A defibrillator is not going to run correctly unless the defibrillator battery is working. A defibrillator battery creates the charge of energy that travels through the rest of the defibrillator to jumpstart the heart. Without an energy source, the defibrillator simply will not work.

Battery Interaction

Defibrillator batteries are used in both internal and external defibrillators. In an internal defibrillator, or defibrillator implant, the entire defibrillator is placed in the person's chest. The battery in a defibrillator implant sends a charge through an electrode wire. The electrode wire is actually placed in a vein in the heart's chamber. This allows it to deliver the shock immediately when it detects and irregular heartbeat. Defibrillator implants are only placed in people who have serious heart conditions.

The other type of defibrillator is called an external defibrillator. This device is used by emergency technicians when a patient is going through cardiac arrest. Cardiac arrest occurs when the heartbeat becomes extremely irregular (usually it speeds up) and prevails the heart from delivering blood and oxygen to vital organs.

An external defibrillator battery is connected to two pads. These pads are the size of a man's hand. They are placed on a person's chest. The battery is housed in a carrying unit. When it's needed, it sends the charge through the pad chords to the pads. After the shock, the person should make some kind of movement between 10 and 12 seconds.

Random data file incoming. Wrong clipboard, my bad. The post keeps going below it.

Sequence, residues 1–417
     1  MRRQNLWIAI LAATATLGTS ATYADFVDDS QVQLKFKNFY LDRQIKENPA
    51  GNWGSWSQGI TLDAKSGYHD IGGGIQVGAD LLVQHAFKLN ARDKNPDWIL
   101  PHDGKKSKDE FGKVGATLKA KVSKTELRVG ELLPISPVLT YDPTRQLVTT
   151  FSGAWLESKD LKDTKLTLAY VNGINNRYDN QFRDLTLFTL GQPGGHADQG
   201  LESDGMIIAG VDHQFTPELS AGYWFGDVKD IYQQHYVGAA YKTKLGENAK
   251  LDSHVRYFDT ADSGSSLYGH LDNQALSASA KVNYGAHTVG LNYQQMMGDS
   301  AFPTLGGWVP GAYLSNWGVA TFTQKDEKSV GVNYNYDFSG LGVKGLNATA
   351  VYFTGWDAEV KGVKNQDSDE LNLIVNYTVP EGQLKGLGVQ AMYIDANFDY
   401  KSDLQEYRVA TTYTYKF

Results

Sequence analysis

Keeping Your Battery Charged

Anything that's battery operated requires a well maintained battery. Your remote control will not work if the batteries are dead and either will your defibrillator. If you're getting a defibrillator implant, make sure you go over the battery function with your doctor. Your doctor will program the implant to beep when the battery is running out of power. You'll also be expected to have a check up every three months to make sure the battery is working correctly.

When your defibrillator battery is ready to be charged, you'll use some kind of external charger to juice it up. External defibrillators are also charged through some sort of external source. These batteries generally have a shelf life of four years. Although these defibrillator batteries last for a while, they will need to be replaced at some point.

Disposing of the Battery

As people have become more environmentally conscious, defibrillator providers have started to offer battery-recycling services. For example, the AED Superstore will recycle defibrillator batteries. All you have to do is discharge the batteries and ship them to the company.

You do not have to recycle your defibrillator battery, but it is an environmentally friendly gesture and it's not expensive. All you have to pay for is the shipping costs to send your defibrillator battery to the superstore.

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